This Juvenile Gorgosaurus Ate What??

This Juvenile Gorgosaurus Ate What??
Gorgosaurus (Wikipedia)

When animals die shortly after eating, and are then fossilized, we can sometimes also see what they ate! Paleontologists can get a general idea of what an animal was eating based on its size and the shape of its teeth, but when we get stomach contents, it’s an amazing discovery because it gives us direct evidence of what something was eating.

A fossil of a fish that died while eating a different fish.

In December 2023, a [study] described the stomach contents of a juvenile Gorgosaurus. Now, fossils are pretty rare in general, getting preserved stomach contents is even more rare, and all of that for a dinosaur is super rare.  

Gorgosaurus libratus is a relative of Tyrannosaurus rex, and this one came from around 75 million years ago in Canada. This specimen was only a fraction the size of an adult Gorgosaurus, and growth rings inside the tibia indicated that it was between 5 and 7 years old.  

Figure 2A from the paper showing the size of the Gorgosaurus compared to its food and a human.

Inside the lower left abdomen, approximately where the dinosaur’s stomach would have been, the authors found not 1, not 2, but 3 legs of ~1 year old Citipes (a species of within the oviraptors). Based on the positions of the legs inside the abdomen (1 was further forward than the other 2, which were folded together), and the acid marks from digestion, the authors could tell that these legs were consumed in 2 distinct feeding sessions.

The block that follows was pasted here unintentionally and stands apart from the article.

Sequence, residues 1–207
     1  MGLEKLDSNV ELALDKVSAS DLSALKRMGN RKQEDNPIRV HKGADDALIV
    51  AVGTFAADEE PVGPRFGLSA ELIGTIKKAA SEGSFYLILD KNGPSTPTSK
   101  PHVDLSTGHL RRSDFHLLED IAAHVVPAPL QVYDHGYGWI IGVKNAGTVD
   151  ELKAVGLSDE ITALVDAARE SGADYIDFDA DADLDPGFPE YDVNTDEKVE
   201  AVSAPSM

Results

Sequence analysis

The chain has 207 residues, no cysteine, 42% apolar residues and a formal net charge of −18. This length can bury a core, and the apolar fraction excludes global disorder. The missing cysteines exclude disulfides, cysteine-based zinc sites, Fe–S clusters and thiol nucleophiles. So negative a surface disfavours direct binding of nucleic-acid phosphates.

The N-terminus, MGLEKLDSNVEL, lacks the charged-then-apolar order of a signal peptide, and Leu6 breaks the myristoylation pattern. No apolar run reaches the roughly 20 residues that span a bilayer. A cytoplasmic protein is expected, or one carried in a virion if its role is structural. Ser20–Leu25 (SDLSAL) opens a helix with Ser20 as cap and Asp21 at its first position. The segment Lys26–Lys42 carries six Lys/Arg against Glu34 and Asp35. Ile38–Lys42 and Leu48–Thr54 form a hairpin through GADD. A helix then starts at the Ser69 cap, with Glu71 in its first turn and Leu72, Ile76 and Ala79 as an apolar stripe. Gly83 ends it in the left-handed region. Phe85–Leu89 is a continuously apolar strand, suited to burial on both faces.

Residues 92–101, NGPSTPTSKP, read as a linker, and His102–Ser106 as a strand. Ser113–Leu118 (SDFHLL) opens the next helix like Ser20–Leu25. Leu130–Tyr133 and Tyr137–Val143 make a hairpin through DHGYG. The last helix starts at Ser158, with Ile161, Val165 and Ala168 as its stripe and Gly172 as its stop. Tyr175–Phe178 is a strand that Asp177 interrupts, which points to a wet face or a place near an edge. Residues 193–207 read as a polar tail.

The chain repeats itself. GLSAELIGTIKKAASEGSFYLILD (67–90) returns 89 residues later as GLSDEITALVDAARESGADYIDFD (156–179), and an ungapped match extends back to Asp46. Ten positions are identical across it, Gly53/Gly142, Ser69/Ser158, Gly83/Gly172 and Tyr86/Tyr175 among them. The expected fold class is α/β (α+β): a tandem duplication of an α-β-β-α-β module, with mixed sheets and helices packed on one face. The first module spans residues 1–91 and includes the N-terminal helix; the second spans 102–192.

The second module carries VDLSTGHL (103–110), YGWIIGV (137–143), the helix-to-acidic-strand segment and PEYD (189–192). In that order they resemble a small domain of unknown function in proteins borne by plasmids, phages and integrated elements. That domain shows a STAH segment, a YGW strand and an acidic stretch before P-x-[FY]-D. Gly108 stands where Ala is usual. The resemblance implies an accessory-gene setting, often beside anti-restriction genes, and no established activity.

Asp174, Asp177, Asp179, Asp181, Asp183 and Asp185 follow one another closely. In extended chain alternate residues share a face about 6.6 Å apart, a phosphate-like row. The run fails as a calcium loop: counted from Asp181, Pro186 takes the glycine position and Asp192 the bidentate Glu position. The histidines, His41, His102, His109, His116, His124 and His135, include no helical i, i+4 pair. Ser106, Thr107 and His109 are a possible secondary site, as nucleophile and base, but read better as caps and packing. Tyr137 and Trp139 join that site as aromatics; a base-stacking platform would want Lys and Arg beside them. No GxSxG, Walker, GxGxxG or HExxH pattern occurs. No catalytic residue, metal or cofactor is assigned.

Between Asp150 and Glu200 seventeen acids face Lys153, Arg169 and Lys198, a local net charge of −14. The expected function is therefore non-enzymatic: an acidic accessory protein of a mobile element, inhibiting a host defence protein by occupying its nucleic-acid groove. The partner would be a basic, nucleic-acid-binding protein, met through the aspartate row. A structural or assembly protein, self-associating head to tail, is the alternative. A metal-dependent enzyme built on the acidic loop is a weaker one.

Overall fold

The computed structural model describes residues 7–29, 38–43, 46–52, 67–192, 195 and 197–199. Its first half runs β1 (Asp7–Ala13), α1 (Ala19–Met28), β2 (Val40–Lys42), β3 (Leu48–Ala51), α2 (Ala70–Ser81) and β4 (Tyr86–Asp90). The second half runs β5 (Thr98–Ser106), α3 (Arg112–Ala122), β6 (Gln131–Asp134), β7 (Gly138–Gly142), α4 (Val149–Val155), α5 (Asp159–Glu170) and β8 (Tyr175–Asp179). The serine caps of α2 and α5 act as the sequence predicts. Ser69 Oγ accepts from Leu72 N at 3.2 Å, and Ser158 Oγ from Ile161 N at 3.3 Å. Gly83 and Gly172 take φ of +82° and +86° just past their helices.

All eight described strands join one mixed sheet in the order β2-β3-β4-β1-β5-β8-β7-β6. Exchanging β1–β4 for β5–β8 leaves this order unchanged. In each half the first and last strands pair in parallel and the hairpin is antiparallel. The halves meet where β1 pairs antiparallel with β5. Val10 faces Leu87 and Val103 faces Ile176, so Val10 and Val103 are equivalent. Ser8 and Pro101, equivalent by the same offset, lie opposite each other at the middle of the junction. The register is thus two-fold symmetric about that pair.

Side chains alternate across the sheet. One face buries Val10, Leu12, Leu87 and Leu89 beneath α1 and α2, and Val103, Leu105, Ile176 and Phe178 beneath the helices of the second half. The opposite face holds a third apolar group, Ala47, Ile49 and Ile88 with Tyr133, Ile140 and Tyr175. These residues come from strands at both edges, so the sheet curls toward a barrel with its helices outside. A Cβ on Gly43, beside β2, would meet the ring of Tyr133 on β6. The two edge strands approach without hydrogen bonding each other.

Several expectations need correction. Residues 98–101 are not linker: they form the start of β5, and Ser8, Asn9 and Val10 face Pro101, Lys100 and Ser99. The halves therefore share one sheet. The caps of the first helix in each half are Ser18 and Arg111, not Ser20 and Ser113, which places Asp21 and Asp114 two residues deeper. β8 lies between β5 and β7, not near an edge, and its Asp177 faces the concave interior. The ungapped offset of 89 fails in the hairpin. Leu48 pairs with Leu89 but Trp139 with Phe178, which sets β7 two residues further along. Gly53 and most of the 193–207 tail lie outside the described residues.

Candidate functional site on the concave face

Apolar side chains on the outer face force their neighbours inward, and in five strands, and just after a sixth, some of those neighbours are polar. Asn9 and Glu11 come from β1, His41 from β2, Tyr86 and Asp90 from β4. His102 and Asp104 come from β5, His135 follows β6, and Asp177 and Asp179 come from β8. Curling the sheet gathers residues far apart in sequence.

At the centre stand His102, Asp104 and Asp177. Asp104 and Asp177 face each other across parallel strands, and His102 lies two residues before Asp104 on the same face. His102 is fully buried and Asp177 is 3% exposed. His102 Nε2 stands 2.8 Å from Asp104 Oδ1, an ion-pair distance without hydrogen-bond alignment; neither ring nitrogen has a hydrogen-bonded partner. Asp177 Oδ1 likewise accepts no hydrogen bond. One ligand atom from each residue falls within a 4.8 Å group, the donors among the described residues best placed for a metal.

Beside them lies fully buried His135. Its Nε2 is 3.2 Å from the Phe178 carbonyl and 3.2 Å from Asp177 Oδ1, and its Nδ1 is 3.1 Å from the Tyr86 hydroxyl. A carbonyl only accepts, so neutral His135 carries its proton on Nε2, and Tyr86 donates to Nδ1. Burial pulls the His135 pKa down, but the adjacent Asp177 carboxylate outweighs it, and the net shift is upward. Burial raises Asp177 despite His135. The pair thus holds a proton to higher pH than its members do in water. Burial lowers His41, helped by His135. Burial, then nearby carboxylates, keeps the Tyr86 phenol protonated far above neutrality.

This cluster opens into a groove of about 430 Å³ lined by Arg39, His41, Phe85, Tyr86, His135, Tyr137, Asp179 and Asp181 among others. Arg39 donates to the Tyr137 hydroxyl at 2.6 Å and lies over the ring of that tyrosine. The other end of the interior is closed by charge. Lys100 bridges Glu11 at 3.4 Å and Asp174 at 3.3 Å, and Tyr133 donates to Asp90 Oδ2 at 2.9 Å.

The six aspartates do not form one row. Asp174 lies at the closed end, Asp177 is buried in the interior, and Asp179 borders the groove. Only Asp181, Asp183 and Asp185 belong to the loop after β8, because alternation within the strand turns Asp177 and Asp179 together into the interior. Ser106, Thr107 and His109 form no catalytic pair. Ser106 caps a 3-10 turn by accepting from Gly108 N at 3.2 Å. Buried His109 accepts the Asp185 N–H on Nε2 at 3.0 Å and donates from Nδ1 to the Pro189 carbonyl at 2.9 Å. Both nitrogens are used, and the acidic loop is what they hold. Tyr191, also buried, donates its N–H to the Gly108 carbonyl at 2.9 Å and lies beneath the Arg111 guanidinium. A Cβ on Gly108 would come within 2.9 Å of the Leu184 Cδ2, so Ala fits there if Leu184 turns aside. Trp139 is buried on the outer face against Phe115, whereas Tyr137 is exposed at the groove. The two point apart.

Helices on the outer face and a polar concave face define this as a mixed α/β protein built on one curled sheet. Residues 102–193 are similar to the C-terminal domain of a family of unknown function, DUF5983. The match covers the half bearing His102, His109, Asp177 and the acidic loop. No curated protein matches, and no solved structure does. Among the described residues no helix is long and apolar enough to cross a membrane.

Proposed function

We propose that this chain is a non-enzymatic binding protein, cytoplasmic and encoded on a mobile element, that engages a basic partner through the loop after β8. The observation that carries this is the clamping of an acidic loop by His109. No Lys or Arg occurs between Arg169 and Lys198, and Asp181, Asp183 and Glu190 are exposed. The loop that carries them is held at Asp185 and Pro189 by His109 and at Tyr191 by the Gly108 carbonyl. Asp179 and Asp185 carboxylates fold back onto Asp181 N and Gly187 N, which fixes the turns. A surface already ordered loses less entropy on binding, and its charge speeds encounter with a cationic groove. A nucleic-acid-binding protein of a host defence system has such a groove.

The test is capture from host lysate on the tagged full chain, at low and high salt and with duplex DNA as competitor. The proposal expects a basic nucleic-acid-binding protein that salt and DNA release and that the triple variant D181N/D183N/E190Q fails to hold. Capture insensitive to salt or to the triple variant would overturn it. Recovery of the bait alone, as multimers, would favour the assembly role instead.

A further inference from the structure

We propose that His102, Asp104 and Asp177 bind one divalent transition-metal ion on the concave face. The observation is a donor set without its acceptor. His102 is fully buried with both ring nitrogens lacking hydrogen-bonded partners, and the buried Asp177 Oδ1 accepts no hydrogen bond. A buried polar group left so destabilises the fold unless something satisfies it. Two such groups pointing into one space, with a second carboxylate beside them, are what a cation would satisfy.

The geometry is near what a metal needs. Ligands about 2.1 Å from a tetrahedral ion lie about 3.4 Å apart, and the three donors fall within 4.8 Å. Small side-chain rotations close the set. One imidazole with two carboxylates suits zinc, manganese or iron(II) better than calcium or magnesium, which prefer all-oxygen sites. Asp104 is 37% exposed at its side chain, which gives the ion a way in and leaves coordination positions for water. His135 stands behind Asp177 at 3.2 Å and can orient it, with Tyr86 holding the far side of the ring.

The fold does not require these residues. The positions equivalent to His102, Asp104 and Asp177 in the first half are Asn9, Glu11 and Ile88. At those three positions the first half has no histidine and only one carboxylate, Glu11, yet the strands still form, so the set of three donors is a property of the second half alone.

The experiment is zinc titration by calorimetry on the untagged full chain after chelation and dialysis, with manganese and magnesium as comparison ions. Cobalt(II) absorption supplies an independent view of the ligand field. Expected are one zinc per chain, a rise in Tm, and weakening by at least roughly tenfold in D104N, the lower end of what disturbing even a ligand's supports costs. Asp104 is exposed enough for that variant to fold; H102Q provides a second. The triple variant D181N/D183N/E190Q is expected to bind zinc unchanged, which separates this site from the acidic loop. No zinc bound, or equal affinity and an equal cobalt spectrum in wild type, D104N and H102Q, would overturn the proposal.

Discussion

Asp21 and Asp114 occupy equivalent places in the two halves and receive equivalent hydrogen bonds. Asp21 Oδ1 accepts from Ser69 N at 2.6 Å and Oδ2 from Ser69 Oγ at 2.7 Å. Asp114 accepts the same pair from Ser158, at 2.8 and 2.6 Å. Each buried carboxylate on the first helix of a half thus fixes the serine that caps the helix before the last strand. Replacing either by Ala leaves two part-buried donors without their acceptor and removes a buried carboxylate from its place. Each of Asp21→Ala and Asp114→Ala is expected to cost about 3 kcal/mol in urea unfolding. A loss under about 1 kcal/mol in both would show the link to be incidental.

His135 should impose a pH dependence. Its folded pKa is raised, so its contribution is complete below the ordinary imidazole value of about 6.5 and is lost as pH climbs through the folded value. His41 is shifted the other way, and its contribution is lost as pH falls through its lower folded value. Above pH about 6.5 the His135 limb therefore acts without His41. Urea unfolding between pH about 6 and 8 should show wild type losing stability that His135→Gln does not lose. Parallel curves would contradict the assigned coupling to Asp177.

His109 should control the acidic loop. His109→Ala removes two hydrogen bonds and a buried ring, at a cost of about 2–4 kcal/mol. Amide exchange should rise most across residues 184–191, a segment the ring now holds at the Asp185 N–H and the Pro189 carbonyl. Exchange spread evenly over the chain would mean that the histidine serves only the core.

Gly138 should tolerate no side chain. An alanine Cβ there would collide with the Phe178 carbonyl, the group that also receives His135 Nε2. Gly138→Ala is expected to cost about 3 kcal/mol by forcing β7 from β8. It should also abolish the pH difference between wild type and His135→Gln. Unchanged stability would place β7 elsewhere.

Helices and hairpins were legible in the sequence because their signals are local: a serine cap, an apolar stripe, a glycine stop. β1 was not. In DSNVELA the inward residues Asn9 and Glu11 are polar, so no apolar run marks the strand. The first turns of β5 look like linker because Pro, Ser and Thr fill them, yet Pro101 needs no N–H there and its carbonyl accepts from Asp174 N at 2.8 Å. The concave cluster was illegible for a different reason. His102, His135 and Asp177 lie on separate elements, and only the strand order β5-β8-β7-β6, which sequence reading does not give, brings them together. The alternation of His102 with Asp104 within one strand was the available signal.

Figure 1A from the paper showing the preserved stomach contents inside the Gorgosaurus's belly.

The authors also checked to see if the size of the eaten legs would have made an appropriate meal for the size of the Gorgosaurus by comparing their sizes to mammal and reptile predator-prey sizes. They found that these little 1 year old Citipes would have made for a good meal for a 5-7 year old Gorgosaurus

Figure 3B from the paper showing an illustration of the stomach contents.

Importantly, they also found that any of the other available dinosaurs of the area would have been too big as adults for this juvenile Gorgosaurus to hunt. This shows that juvenile and adult Gorgosaurus was hunting different prey, and therefore could live in the same area without competing for food. This idea is called niche partitioning, and it’s vital for predatory animals to share a habitat without running out of food. 

Many living birds do the same – they’ll feed their babies insects, but eat other food as adults. That way there’s enough food to go around.

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